The Last Stand: John C. Calhoun

  • Ivan JankovicEmail author


This chapter analyzes the contribution of John C Calhoun to the decentralist philosophy. John C. Calhoun is probably the most original and penetrating thinker of the early American liberalism. He saw clearly the two major problems of constitutional design and protection of liberty and offered solutions for them; first, any constitutional limitations of central government are worthless if not followed up by a real, political, and territorial checks and balances. The second is rejection of the Lockean and Hobbesian social contract framework of a unified body politic represented by a sovereign central government, tied to the individual directly by social contract. Calhoun rehabilitates society as an intermediary force between the central government and individuals, by interjecting state governments and local factions as constitutional political actors. In clear contradiction to all modern theories of democracy and social choice, Calhoun argues that it is not the quantitative, but rather the qualitative or “concurrent” majority that counts in terms of real representation and democracy, which are primarily focused on protecting community powers of self-government. The chapter concludes that Calhoun both clearly formulated an attractive alternative to majoritarianism and reconciled the compact theory with nationalism, by making it a national decision-making mechanism.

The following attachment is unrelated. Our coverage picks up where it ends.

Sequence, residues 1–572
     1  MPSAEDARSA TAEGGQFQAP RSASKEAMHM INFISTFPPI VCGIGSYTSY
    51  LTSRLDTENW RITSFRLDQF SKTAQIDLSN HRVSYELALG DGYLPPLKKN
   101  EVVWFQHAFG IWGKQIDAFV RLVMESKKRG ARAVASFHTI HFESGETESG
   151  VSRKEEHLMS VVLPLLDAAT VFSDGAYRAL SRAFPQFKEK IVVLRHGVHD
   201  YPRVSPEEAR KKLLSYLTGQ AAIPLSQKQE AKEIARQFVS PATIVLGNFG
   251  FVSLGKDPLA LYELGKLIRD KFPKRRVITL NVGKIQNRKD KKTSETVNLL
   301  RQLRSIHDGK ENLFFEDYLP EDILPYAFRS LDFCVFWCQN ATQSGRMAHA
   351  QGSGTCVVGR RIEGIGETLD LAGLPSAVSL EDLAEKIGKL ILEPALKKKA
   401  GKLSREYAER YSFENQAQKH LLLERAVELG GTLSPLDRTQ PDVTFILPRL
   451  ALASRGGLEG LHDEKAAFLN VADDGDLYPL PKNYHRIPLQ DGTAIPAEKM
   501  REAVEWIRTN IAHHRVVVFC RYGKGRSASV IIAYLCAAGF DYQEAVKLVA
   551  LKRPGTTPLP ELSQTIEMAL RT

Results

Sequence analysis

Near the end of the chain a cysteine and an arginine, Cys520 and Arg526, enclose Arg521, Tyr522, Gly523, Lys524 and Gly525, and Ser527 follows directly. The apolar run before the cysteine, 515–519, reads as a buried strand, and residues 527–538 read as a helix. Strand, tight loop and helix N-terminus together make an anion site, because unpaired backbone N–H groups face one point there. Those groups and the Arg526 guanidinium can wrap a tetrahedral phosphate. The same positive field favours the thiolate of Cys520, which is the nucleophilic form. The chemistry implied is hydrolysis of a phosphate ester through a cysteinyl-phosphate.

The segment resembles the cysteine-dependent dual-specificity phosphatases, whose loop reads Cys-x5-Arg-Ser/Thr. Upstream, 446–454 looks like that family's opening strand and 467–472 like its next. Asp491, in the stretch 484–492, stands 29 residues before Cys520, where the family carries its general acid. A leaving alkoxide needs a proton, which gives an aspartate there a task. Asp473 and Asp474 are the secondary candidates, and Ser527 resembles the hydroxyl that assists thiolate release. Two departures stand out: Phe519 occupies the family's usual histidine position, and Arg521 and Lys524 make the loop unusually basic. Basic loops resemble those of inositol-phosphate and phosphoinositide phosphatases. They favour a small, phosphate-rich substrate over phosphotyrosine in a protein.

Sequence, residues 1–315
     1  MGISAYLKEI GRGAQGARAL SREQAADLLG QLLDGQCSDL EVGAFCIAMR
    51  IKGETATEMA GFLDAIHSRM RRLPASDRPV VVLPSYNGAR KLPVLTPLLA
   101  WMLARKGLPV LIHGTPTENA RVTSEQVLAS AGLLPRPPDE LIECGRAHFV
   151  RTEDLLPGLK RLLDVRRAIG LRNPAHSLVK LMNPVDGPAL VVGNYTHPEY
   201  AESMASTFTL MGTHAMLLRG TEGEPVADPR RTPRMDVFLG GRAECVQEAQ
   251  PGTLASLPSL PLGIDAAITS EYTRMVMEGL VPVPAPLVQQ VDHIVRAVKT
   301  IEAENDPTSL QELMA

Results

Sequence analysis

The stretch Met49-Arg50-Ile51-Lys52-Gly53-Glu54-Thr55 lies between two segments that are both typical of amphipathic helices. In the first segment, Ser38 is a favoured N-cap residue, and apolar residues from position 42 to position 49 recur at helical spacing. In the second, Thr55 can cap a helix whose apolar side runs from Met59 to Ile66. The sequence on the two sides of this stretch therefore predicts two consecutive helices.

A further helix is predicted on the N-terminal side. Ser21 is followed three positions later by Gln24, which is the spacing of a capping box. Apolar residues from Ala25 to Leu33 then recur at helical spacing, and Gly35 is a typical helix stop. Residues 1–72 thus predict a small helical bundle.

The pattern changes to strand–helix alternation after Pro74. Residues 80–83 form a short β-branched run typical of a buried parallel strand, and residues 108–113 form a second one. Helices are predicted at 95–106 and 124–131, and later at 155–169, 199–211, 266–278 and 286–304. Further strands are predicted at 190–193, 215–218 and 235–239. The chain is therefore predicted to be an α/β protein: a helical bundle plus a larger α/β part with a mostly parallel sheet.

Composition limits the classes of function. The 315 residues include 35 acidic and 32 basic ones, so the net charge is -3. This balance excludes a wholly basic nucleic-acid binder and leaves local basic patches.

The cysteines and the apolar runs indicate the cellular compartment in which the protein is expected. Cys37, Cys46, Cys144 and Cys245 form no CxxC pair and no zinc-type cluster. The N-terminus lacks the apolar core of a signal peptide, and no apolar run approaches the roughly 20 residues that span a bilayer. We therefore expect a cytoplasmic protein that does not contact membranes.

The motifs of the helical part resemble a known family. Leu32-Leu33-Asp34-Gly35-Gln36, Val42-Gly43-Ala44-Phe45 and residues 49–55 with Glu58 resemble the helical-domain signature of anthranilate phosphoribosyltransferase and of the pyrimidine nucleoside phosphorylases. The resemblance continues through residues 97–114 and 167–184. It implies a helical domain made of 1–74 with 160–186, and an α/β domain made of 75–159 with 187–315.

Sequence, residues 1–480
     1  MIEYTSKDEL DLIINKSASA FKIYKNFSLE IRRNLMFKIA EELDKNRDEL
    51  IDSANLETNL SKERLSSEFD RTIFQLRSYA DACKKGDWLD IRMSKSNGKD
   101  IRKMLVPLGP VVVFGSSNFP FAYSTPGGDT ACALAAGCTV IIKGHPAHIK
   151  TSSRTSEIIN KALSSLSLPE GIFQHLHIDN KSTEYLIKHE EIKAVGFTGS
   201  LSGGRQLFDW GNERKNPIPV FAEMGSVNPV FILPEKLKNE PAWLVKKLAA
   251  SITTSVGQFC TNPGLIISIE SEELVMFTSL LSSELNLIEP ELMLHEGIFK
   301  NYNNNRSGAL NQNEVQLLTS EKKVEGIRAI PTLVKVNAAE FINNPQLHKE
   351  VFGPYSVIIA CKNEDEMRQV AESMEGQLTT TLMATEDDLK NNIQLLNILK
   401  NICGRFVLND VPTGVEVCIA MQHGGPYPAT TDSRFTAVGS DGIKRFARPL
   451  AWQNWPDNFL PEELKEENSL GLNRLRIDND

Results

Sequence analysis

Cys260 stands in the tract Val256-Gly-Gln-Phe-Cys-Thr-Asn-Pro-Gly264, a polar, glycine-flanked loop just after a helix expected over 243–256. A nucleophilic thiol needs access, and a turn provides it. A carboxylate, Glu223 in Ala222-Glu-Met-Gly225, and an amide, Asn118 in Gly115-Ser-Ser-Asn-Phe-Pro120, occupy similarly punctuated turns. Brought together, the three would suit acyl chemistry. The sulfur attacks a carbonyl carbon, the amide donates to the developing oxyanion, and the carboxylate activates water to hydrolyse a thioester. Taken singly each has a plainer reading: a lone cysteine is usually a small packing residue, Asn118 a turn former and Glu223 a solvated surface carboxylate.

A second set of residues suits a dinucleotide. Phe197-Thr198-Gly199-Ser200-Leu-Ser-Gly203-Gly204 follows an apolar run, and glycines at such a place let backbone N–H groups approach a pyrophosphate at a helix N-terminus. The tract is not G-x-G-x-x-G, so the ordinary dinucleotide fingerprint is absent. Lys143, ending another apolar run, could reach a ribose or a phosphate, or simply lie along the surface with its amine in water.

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© The Author(s) 2019

Authors and Affiliations

  1. 1.University of MaryBismarckUSA

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